England in the great wave of migration from Normandy following the Norman Conquest of 1066. The Bellame family lived in Shropshire. The name could also be derived as a nickname meaning my good friend
Early Origins of the Bellame family
Shropshire, where they had been granted lands by King William, their liege lord, after the Norman Conquest in 1066 A.D.
Early History of the Bellame family
This web page shows only a small excerpt of our Bellame research.
Another 219 words (16 lines of text) covering the years 1400, 1689, 1717, 1717 and 1720 are included under the topic Early Bellame History in all our PDF Extended History products and printed products wherever possible.
Bellame Spelling Variations
Before the last few hundred years the English language had no fixed system of spelling rules. For that reason, spelling variations occurred commonly in Anglo Norman surnames. Over the years, many variations of the name Bellame were recorded, including Bellamy, Belamy, Bellamie, Belamie, Bellamey, Bellame, Bellasme, Bellamly and many more.
Early Notables of the Bellame family (pre 1700)
Outstanding amongst the family at this time was Samuel "Black Sam" Bellamy (c.1689-1717), sometimes known as the "Prince of Pirates," an English pirate who operated in the early 18th century. He and his crew captured at least 53 ships under his command making him the wealthiest pirate in recorded history and...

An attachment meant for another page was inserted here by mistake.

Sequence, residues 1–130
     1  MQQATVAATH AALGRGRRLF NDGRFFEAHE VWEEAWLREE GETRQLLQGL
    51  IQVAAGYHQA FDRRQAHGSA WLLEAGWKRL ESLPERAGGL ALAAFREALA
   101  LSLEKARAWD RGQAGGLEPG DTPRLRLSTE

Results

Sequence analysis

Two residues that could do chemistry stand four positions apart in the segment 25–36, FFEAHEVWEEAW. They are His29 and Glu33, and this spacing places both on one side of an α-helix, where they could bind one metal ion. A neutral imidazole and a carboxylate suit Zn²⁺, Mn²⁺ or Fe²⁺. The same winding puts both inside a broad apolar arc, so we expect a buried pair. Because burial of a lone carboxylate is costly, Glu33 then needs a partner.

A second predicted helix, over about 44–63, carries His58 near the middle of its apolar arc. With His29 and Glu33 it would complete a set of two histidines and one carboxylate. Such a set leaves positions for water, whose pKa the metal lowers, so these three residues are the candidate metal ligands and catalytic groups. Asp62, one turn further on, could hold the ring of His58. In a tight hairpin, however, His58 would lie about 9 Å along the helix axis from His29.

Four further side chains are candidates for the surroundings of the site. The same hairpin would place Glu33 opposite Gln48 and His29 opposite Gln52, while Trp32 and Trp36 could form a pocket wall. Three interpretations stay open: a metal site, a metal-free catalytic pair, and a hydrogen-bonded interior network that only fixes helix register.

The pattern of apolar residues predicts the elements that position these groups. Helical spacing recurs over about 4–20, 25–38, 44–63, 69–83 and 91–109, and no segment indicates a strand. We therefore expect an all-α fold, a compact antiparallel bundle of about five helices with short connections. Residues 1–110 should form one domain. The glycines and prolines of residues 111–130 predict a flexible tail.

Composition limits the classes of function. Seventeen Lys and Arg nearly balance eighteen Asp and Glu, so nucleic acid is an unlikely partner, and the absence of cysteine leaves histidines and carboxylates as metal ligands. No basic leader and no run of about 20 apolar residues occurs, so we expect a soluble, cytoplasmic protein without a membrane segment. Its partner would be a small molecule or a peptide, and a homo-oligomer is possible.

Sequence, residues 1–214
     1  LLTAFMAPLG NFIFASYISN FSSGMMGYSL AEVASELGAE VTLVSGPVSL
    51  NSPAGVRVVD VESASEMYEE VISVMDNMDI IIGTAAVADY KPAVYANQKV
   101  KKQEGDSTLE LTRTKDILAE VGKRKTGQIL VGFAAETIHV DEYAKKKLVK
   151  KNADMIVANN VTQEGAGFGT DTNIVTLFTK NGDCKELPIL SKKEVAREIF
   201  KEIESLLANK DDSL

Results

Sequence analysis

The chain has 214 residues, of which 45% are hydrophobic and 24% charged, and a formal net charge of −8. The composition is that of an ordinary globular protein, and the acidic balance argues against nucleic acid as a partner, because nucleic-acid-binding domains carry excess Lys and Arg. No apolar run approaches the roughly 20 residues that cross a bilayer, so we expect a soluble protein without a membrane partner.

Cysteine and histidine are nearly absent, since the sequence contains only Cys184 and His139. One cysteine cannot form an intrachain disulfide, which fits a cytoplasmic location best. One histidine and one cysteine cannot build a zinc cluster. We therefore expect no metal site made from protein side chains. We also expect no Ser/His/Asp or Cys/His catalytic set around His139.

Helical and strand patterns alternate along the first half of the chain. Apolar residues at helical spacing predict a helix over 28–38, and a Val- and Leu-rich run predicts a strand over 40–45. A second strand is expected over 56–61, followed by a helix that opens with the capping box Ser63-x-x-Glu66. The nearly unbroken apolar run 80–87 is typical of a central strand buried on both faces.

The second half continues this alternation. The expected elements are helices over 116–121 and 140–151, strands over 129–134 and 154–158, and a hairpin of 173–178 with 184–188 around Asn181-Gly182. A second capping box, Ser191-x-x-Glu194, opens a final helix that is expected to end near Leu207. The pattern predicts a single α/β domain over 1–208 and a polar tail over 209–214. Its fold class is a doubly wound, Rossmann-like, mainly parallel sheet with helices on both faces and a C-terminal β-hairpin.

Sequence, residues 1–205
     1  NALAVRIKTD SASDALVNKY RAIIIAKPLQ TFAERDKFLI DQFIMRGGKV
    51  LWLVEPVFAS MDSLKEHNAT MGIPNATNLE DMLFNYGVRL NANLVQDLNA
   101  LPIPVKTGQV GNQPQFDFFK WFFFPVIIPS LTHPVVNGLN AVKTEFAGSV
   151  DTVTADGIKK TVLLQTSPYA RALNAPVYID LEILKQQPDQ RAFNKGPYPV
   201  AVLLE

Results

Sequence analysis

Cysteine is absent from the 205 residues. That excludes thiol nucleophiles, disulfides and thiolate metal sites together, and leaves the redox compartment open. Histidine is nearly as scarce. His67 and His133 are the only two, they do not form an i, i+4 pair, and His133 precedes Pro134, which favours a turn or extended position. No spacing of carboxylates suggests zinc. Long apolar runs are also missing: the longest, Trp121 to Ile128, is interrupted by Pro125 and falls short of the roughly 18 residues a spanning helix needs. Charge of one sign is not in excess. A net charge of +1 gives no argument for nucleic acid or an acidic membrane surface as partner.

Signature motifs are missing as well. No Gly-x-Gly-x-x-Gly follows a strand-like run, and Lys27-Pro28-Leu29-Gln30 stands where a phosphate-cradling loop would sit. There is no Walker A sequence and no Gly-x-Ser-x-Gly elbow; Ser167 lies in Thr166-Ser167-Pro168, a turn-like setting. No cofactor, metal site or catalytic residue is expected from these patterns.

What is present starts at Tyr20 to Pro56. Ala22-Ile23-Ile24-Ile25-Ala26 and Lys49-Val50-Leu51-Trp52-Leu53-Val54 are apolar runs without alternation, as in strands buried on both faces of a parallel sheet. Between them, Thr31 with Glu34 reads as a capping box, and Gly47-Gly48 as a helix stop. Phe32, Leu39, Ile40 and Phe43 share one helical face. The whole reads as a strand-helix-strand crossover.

Another 76 words (5 lines of text) are included under the topic Early Bellame Notables in all our PDF Extended History products and printed products wherever possible.
Migration of the Bellame family to Ireland
Some of the Bellame family moved to Ireland, but this topic is not covered in this excerpt.
Another 115 words (8 lines of text) about their life in Ireland is included in all our PDF Extended History products and printed products wherever possible.
Migration of the Bellame family to the New World and Oceana
The unstable environment in England at this time caused numerous families to board ships and leave in search of opportunity and freedom from persecution abroad in places like Ireland, Australia, and particularly the New World. The voyage was extremely difficult, however, and only taken at great expense. The cramped conditions and unsanitary nature of the vessels caused many to arrive diseased and starving, not to mention destitute from the enormous cost. Still opportunity in the emerging nations of Canada and the United States was far greater than at home and many went on to make important contributions to the cultures of their adopted countries. An examination of many early immigration records reveals that people bearing the name Bellame arrived in North America very early: Matthew Bellamy, Schoolmaster, who settled in New Haven in 1638; Edward Bellamy settled in Barbados in 1685. In Newfoundland, Henry Bellamy settled in St. John's in 1819.
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